Change, Replace, and Substitute in Vim

Change, Replace, Substitute In

The vim text editor is one of the most popular terminal-based editors. Its richness of commands and flexibility allows users to code at the speed of thought. Vim provides many commands that sometimes have overlapping functionalities. These functionalities not in any sense redundant, instead it gives the user more freedom on choosing how to do a specific task.


Often we need to make changes to our existing text files. Vim offers mainly three high-level commands-replace, change and substitute to do this. Though these 3 words are synonyms because they do the exact same task, they differ how the task is performed and so the choice of command comes down to how complex the task at hand is. In this article, we will discuss the primary differences between these three commands and where and how to use them.

Point of DifferenceReplaceChangeSubstitute
Primary Keystroker{char}c{motion}[count]s
General functionReplaces the current character or a set of characters.Deletes the characters and places the user in enter mode.Deletes a range of characters and places the user in Insert mode.
Primary set of differences between the three commands.

Quick heads up: The {} indicates requires set of arguments i.e. the {} including the text inside must be replaced by a valid value. The [] indicates optional arguments. Modes are also represented using {} but the starting letter is capital, for example: {Insert} and {Visual}. No mode sign indicates normal mode.

Recommended read: 10 ways to exit VIM editor

Using the Change, Replace, and Substitute Commands on VIM

1. Replace command in VIM

The replace command is suitable for very small changes that you want to make in the text(buffer).

Pressing the character R in Normal mode takes the user to the Replace mode. Replace mode is like Insert mode but except for the fact that the character you type overwrites the character already present at that position. If there are no more characters present, it will behave like Insert mode allowing you to insert as many new characters as you like.

Pro Tip: If you have made a small typing error in replace mode, just press backspace without exiting the replace mode. This will revert the changes made to the preceding character in replace mode.


If you are looking to make very minimal changes, like replacing a single character without entering the Replace mode you can just use r{char}. This command replaces the current character with {char}.

Replace mode in VIM
Fig 1: Example of replace command

2. Change command in VIM

While the replace command is useful, it can become problematic for altering large chunks of text. Thankfully the change command comes in handy for such purposes. The change command deletes the characters based on a motion and enters the Insert mode. The change command can be used in conjunction with many other commands for maximum productivity.


Deletes the text from the text depending on the motion keys pressed. Here are some usage examples:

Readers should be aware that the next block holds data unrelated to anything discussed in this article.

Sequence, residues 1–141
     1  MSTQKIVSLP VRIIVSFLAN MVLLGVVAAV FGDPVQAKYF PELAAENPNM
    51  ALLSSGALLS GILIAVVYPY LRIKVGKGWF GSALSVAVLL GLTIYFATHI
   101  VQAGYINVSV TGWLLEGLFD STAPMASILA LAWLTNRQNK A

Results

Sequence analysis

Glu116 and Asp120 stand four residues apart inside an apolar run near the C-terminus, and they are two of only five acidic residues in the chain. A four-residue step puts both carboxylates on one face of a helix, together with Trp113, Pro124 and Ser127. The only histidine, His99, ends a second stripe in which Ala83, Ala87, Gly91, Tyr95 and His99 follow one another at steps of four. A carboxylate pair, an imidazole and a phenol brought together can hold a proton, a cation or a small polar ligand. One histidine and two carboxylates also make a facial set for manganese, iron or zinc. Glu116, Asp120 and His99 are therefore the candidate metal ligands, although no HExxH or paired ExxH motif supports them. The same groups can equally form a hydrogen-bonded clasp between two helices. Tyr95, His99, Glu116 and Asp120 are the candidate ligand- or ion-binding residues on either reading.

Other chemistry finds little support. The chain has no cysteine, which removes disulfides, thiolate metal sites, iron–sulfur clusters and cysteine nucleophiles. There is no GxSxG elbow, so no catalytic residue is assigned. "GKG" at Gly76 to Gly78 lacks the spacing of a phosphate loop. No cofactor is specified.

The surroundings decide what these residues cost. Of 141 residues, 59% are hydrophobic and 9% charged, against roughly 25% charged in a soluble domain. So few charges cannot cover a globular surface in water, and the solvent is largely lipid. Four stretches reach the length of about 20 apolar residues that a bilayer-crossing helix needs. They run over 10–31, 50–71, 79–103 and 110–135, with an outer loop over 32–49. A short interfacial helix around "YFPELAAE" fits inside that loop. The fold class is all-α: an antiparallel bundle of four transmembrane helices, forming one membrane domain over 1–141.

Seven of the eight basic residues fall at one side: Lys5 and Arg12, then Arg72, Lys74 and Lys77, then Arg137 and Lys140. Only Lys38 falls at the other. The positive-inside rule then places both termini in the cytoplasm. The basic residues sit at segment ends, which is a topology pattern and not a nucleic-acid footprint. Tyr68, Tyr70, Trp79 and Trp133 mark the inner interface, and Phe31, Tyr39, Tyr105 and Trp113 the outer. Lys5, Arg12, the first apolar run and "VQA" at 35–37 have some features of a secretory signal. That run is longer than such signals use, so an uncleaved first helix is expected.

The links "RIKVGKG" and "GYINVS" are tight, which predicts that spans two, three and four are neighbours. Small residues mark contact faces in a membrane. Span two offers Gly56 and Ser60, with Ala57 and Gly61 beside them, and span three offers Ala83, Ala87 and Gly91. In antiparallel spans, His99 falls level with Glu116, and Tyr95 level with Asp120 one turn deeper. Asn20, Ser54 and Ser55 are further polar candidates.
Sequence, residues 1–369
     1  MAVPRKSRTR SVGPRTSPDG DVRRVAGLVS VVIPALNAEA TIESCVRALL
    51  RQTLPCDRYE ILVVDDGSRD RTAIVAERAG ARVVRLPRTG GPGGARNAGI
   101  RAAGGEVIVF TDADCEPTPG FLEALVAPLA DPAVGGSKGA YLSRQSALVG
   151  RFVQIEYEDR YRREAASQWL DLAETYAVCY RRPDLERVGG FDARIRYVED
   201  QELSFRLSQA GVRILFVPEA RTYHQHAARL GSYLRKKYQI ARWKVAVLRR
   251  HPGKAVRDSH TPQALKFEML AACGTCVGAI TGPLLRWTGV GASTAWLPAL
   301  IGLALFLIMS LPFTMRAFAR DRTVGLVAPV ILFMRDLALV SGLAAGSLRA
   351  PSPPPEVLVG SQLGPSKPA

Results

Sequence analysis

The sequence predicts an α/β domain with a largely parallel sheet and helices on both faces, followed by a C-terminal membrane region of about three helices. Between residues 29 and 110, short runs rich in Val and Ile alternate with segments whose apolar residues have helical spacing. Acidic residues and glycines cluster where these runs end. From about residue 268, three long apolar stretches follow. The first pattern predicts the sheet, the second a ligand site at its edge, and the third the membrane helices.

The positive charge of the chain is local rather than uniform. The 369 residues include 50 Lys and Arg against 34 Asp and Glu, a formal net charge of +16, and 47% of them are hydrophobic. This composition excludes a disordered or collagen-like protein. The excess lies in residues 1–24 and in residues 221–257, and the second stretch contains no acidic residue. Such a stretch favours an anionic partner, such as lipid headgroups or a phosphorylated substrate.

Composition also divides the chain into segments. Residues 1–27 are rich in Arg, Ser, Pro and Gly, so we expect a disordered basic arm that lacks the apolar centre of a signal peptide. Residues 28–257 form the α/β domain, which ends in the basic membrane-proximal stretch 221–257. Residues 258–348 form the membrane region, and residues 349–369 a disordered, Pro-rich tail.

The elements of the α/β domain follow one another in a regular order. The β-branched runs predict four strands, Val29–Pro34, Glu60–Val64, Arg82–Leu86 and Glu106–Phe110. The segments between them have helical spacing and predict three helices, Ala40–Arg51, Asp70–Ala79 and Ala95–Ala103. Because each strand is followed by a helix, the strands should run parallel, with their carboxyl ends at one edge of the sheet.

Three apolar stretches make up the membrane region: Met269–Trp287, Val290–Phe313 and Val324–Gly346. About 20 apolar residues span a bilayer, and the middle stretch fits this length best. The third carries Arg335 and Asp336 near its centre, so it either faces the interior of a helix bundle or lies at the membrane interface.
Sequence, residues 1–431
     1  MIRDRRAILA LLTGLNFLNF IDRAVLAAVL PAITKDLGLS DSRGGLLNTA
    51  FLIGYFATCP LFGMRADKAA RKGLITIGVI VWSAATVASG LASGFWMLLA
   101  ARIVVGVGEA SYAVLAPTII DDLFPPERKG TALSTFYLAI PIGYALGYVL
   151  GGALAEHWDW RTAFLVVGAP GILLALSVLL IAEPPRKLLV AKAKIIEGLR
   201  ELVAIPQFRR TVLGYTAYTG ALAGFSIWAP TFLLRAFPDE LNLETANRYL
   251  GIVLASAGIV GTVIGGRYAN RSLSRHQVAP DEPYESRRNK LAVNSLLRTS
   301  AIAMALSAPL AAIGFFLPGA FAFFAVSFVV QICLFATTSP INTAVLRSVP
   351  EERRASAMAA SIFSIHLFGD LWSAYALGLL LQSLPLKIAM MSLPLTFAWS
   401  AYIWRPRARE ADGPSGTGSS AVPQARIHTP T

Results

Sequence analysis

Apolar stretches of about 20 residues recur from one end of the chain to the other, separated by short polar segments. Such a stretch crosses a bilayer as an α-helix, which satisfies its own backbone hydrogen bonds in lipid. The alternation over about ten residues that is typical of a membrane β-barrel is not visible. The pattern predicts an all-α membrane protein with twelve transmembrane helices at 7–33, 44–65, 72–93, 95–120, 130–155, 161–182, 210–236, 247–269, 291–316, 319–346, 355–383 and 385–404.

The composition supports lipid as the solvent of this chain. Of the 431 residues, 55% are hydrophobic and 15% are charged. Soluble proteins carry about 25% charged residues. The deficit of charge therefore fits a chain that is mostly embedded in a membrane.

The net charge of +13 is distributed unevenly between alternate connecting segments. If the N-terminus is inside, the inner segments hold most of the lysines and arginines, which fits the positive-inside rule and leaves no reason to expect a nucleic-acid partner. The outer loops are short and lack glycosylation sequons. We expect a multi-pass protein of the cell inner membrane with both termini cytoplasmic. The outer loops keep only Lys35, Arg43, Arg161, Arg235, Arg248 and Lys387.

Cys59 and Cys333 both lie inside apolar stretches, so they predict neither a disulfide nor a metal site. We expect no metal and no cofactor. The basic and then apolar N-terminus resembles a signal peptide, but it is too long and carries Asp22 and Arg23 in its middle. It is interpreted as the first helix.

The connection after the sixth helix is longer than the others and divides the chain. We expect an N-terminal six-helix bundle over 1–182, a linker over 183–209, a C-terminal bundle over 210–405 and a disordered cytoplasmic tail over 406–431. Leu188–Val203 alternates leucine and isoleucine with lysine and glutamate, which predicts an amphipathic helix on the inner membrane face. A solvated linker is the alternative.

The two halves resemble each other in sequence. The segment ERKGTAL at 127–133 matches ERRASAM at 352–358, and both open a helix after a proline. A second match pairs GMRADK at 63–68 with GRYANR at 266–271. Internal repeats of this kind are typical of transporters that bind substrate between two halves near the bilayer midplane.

• ch – Deletes the previous character and start Insert mode.
  • ck – Deletes the line above the current line and start Insert mode.
  • c$ or C – Deletes from the current character to the end of the line and start Insert mode.
  • cG – Deletes from the current line to the end of the text and start Insert mode.

Change command can be very helpful in Visual mode. The change command deletes the selected block of text and enters the Insert mode.


The user might want to keep the deleted text in a register, just for safety or to be pasted elsewhere. The following command deletes the {motion} text into the register X and enters the Insert mode.

Vim Change command
Fig 2: Example of change command

3. Substitute command in VIM

The substitute method in vim acts like the change command, but instead of taking the motion as a parameter, it takes in the number of lines and character as a parameter. It can be particularly helpful if you are thinking to delete the next few characters/lines, without going into much hassle of the motion keys in the change command.


Deletes [count] number of character to the right of the current cursor [to the register x] and puts the user in Insert mode. The s command performs similarly as cl.


Deletes [count] number of lines below the current line and puts the user in Insert mode.

Vim Substitute command
Fig 3: Example of substitute command


This brings us to the end of the article. I hope you have learnt something new about these three important commands in vim. Since vim allows a lot of commands that can be used on top of these commands, exploring all the possibilities is not a good idea.

The complicated command or shortcuts people use makes their daily work comfortable, you don’t need to learn all the complicated things at the beginning to start hacking in vim.

With few days of practice, you can slowly catch up with the complicated conjunctions, once you feel necessary. You can always get some help from the man page using the command :h [search-term] inside vim.